6.2 Strings

6.2.1 String Creation and Copying

The following are built-in string creation and copying functions:

(allocate-string SIZE:integer): string expr
Constructs and returns a string with SIZE characters. The contents of the string are not initialized.

(make-string SIZE:integer INITVAL:integer): string expr
Constructs and returns a string with SIZE characters, each initialized to the ASCII code INITVAL.

(mkstring UPLIM:integer INITVAL:integer): string expr
An old form of make-string. Returns a string of characters all initialized to INITVAL, with upper bound UPLIM. The returned string contains a total of (add1 UPLIM) characters.

(string [ARGS:integer]): string nexpr
Create string of elements from a list of ARGS.
    1 lisp> (string 65 66 67)  

(copystringtofrom NEW:string OLD:string): NEW:string expr
Copy all characters from old into new. This function is destructive.

(copystring S:string): string expr
Copy to new string, allocating space.

6.2.2 About the Basic String Operations

The representation of strings is very similar to that of vectors. Due to this similarity, there are functions which may be applied to either data type. Such functions provide primitive operations on strings. PSL provides many other functions specific to strings which are defined in various library modules.

6.2.3 The Operations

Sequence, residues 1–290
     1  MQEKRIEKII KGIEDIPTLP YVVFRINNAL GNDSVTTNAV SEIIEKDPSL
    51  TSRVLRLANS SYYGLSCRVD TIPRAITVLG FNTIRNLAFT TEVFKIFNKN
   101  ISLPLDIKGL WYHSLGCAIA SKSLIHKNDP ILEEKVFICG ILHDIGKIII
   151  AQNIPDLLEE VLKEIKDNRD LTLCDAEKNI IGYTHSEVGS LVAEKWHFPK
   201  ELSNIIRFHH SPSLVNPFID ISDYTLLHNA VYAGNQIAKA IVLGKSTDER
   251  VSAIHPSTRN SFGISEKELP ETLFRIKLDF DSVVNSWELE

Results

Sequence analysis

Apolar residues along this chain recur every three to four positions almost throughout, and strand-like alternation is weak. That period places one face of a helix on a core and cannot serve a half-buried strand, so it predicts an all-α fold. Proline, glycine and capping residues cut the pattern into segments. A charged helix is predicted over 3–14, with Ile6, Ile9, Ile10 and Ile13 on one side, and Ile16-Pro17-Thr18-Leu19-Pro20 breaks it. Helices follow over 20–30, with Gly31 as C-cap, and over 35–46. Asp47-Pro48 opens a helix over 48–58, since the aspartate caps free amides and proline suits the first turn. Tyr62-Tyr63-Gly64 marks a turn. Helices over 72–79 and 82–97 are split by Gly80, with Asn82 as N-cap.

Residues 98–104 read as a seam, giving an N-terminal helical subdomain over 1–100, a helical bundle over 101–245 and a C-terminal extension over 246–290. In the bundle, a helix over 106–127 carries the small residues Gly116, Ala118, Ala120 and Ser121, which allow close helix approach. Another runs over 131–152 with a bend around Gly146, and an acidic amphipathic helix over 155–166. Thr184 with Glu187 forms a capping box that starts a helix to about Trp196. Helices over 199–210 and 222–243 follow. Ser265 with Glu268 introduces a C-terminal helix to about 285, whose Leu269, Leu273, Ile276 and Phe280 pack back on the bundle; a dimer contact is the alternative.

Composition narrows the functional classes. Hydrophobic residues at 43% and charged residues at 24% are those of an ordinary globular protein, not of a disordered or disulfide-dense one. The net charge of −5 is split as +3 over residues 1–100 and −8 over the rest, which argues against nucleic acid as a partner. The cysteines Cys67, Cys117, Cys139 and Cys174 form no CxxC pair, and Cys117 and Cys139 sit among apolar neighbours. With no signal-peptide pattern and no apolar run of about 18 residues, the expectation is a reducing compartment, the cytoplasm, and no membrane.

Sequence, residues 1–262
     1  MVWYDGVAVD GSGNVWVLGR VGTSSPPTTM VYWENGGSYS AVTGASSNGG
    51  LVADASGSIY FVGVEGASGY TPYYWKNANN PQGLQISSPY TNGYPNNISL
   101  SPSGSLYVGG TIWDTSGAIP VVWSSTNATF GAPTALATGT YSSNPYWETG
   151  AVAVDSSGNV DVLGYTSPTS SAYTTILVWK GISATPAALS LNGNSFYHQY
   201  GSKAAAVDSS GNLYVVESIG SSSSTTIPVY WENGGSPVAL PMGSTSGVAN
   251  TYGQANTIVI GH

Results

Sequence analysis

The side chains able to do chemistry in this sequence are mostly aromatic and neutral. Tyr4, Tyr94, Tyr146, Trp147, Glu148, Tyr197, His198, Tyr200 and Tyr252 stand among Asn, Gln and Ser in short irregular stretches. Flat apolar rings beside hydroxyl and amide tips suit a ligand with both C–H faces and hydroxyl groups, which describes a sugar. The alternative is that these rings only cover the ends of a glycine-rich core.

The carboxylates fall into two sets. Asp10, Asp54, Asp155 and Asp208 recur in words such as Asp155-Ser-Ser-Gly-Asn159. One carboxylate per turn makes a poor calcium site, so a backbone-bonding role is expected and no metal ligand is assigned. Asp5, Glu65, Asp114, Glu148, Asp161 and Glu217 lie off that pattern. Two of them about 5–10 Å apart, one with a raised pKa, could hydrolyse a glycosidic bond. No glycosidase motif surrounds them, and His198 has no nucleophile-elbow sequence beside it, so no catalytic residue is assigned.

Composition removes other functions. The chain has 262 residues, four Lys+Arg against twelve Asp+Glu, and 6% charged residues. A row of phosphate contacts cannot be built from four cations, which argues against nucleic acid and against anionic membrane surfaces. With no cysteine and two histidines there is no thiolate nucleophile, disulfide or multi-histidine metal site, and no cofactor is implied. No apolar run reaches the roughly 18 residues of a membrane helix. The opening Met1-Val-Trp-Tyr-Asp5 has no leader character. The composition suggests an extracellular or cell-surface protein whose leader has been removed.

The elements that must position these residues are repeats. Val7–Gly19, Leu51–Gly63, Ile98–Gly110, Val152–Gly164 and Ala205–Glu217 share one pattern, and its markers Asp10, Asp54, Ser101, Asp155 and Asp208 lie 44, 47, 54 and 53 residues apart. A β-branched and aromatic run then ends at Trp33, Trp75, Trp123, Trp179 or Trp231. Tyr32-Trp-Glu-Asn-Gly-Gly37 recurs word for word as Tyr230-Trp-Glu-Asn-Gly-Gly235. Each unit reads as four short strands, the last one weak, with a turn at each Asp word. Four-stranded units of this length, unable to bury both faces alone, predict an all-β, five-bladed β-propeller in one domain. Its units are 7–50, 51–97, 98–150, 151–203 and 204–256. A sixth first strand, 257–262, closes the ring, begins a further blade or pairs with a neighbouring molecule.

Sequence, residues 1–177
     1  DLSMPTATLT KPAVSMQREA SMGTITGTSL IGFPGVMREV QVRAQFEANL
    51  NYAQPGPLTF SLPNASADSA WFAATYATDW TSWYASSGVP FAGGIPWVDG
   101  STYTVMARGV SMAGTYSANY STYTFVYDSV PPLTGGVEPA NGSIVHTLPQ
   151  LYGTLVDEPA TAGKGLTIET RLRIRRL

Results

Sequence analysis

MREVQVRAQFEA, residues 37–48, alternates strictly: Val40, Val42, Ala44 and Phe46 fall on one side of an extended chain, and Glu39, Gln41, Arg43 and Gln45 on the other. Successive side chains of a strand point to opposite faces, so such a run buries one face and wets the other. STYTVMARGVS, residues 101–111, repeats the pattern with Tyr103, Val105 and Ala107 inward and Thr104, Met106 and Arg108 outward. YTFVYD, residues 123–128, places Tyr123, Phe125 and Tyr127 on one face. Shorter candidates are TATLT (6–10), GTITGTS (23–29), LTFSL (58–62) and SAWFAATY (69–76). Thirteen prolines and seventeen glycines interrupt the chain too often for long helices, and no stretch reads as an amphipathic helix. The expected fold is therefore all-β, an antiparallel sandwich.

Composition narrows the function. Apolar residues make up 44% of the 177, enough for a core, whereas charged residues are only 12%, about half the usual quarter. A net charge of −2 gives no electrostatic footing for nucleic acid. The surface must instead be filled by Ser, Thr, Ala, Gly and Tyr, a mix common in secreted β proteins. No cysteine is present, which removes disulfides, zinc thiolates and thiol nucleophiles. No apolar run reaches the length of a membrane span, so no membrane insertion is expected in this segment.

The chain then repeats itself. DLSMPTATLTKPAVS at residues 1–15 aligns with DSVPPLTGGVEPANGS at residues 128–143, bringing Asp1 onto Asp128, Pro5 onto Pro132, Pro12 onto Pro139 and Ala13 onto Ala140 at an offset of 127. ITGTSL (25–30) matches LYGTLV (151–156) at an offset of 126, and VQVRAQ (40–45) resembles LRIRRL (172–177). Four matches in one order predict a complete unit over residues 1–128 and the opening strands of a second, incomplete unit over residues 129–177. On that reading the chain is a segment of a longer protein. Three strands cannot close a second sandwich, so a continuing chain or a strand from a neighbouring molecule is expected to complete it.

This section documents functions in the library module slow-strings (s-strings). There is another library module called fast-strings (f-strings). The fast-strings module provides alternate definitions for these functions. When the switch fast-strings is non-nil the compiler will use these alternate definitions to produce efficient code. However, there will not be any verification that arguments are of correct type (in addition, it is assumed that numeric arguments are within a proper range). If invalid arguments are used, then at best your code will not generate correct results, you may actually damage the PSL system. There are two side effects to loading fast-strings The slow-strings module will be loaded and the switch fast-strings will be set to t. For more information on the switch fast-strings see Chapter 19.

(string-fetch S:string I:integer): any expr
Accesses an element of a PSL string. Indexes are zero based. The ASCII character stored in that position of the string is returned.

Characters are represented by inums. You should not rely on this when you write code. Such code cannot be easily transported to other systems where either the encoding is different or where characters are a seperate data type.

(string-store S:string I:integer X:char): None Returned expr
Stores into a PSL string. String indexes start with 0.

(string-length S:string): integer expr
Returns the number of elements in a PSL string. Since indexes start with index 0, the size is one larger than the greatest legal index. Compare this function with string-upper-bound, documented below.

(string-upper-bound S:string): integer expr
Returns the greatest legal index for accessing or storing into a PSL string. Compare this function with string-length, documented above.

(string-empty? S:string): boolean expr
True if the string has no elements (its size is 0), otherwise nil.